Shemia, a Yuki warrior, died in February, 1885. He was probably in his forties or early fifties at the time of his demise. His death occurred as a result of a violent attack by another man whom he had known all his life. The killing was not based on some childhood grudge, but on what the killer perceived as an unforgivable injustice perpetrated by Shemia.
If you like 19th century killings, and I do mean multiple ones, you've come to the right place. If you like the grisly details revealed, ride along. However, this is also an attempt to examine how and why some parts of our local history remain shrouded if not forgotten. In addition, the actions described herein provide the all too familiar sad ends for a pair of Indian warriors as well as an undisputed Indian victory from more than 150 years ago.
Shemia was referred to as “Indian Charley” by whites. The only reason we have the name Shemia to go by derives from a single account of events that transpired primarily in Leggett Valley from the 1850s and 1860s as well as on the north coast on into the 1880s. That source is an account written by Jeremiah M. “Doc” Standley about the first arrest he made as a Mendocino County deputy sheriff in the fall of 1867.
The name Shemia could be a phoneticized spelling, representing the way Doc Standley heard the name pronounced by his killer, a man called Billy Malmaquist. Unlike many other Indian deaths, Shemia's end did not go unnoticed in the local press.
The Westport News-Argus (also reported in the Mendocino Beacon of February 21, 1885) gave a fairly detailed account: “During the week our town has been livened with the examination before Justice Bear of Billy Malmaquist upon the charge of murdering another of his race known as Indian Charley in the woods between Cottaneva and Usal, on Thursday, the 12th inst. Charley had been stopping at the rancheria above Devilbiss' place and Malmaquist had been living at Turner's about a mile further north. They were at Cottaneva together Thursday afternoon and were seen going north from there about four o'clock, and Charley was never seen alive after that. As he did not return to the rancheria that night and was known to have considerable money on his person, the other Indians became suspicious, and learning that he had been in Malmaquist's company they became alarmed, and made a fruitless search after him. Learning that Malmaquist had left that neighborhood, too, they came to Westport and reported their fears to Justice Bear, and asked for the arrest of Malmaquist. A warrant was placed in the hands of Constable Thos. Flynn, and he found Malmaquist at 2 o'clock Friday morning at Jennie Frank's 'dive' on Chadbourne creek. Immediately after his arrest Malmaquist admitted that he had killed Charley and that he hid the body in the woods, but did not describe the locality. Justice Bear went up on Saturday and with four Indians and a dog tracked the murderer to the place of the killing, which is on the county road about a quarter of a mile this side of Turner's gate. In the brush a few feet from the road the body was found. From the testimony of those who washed the body there were eleven wounds in the head and neck, showing that Malmaquist was bound to maintain his reputation as the 'boss' Indian murderer. An inquest was held at the Cottaneva mill and the jury returning a verdict charging Malmaquist with murder.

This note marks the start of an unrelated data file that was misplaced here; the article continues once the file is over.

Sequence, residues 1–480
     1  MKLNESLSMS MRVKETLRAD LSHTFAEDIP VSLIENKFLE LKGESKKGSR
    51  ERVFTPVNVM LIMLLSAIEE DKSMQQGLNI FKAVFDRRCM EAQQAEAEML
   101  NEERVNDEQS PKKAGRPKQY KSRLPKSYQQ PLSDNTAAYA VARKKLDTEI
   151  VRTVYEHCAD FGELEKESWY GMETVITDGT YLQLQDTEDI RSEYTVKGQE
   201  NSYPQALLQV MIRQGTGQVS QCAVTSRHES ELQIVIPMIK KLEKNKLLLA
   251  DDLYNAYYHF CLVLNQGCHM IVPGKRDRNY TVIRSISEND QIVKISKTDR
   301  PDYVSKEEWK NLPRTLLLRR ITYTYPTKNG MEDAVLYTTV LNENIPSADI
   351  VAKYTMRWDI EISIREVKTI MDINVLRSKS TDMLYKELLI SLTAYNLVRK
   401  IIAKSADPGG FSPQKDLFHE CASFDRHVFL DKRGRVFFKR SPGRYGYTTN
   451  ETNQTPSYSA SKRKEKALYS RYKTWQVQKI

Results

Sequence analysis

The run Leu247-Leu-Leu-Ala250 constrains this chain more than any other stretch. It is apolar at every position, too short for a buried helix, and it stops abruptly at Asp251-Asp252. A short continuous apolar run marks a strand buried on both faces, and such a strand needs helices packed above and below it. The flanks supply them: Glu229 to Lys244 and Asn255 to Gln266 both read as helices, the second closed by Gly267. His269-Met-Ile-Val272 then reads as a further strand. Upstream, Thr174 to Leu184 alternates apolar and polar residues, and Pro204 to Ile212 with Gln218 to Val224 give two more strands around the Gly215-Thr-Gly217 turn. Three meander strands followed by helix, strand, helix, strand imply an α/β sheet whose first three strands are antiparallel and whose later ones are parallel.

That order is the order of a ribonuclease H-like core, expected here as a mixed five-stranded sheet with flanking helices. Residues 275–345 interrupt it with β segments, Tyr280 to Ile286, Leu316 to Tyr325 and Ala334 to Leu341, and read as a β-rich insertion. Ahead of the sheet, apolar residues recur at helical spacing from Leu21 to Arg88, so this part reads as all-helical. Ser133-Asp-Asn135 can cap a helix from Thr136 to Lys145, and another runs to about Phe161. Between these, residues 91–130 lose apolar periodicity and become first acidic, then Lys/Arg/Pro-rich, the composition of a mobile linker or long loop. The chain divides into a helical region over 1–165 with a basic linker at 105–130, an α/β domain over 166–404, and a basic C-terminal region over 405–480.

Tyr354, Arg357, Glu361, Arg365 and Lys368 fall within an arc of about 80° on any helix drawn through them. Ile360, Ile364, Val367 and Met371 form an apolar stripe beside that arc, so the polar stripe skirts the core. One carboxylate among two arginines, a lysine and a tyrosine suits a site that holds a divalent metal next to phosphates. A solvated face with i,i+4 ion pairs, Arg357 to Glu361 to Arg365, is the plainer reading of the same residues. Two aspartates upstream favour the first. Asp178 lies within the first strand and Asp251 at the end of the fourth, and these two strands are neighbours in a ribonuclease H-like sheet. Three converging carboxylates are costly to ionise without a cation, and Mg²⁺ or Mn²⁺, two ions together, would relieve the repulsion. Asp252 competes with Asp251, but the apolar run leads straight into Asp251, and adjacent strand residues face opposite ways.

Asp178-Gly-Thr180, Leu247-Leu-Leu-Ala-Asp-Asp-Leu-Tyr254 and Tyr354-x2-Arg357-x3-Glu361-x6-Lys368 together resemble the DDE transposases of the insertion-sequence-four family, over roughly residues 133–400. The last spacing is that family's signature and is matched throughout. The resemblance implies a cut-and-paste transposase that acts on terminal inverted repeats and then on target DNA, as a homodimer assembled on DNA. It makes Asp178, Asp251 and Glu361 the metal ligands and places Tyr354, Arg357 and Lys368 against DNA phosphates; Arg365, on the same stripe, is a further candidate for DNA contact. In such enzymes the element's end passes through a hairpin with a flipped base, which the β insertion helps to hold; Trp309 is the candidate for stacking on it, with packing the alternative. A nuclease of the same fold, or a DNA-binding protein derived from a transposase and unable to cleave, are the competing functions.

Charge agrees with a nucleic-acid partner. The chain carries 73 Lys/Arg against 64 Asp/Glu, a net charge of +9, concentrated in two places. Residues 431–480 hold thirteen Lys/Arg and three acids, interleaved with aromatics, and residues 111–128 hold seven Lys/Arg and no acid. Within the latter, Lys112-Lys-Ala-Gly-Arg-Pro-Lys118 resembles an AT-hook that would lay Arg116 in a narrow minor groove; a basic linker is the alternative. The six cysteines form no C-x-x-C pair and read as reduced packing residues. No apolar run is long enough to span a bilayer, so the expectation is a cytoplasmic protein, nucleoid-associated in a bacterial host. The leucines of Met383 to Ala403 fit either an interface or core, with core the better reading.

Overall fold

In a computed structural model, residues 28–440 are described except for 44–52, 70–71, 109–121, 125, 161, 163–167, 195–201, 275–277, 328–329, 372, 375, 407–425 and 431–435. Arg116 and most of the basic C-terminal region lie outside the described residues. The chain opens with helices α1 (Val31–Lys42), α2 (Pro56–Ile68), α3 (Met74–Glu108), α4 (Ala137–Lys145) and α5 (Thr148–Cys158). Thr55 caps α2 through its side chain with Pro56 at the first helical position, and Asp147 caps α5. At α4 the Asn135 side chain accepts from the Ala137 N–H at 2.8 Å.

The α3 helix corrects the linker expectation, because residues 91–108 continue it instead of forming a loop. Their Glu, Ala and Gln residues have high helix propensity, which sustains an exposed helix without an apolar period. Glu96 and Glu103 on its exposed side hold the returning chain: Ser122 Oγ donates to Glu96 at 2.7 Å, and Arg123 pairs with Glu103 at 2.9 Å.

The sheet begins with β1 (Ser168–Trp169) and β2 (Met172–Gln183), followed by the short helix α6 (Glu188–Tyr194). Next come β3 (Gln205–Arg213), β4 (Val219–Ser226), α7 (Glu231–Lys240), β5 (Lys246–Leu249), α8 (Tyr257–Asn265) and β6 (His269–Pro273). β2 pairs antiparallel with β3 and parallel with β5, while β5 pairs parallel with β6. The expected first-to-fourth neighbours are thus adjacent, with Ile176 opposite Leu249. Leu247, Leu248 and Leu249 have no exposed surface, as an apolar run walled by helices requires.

“Malmaquist was arraigned on Wednesday and after an exhaustive examination lasting through two days, Justice Bear held Malmaquist for murder and committed him to the county jail without bail.
“Malmaquist is a big and active Indian, nearly twice the size of his last victim, and is well-known on the coast as a red-handed murderer. One of the witnesses recounted six affrays in which he had got away with his victim, and if he can save his neck this time in the face of the evidence against him we shall indeed be surprised.”
One striking line in this account remains, “Malmaquist is a big and active Indian, nearly twice the size of his last victim...” Did that mean that Mamalcoosh was unusually large for a Yuki? Was Shemia exceptionally small for a Yuki warrior? Are there implications about ancestral marriages between the Yuki and neighboring groups that created size anomalies? Did Standley use the term Yuki when he might have been more accurate in describing them with the moniker of a neighboring tribal group? We'll leave that to anthropologists and further ethno-geographic study.
The misidentification of Indian names didn't stop at Shemia being called Indian Charley. His killer's name was not Billy Mamalcoosh. In actuality it sounded something akin to Mamalcoosh. Both were Yuki. Mamalcoosh's father was known as Ishoma. Both of these names only survive due to Doc Standley's account. Mamalcoosh had at least two sisters. Unfortunately their names had already been anglicized by the historical point in time Standley's account began (1850s).
The documentation of Deputy Standley's first arrest exists today because his ancestors preserved his hand written version of events in Leggett Valley, Usal, and the Ten Mile River area in the 1850s and 1860s. Such are the vagaries of historical research. Standley's manuscript, probably written in the1890s, places that initial arrest as happening in 1866. Multiple newspapers, the Mendocino Herald and the Sacramento Daily Union put the same events in 1867. Hard to argue with the printed contemporaneous facts, even with such a detailed primary source as Doc Standley.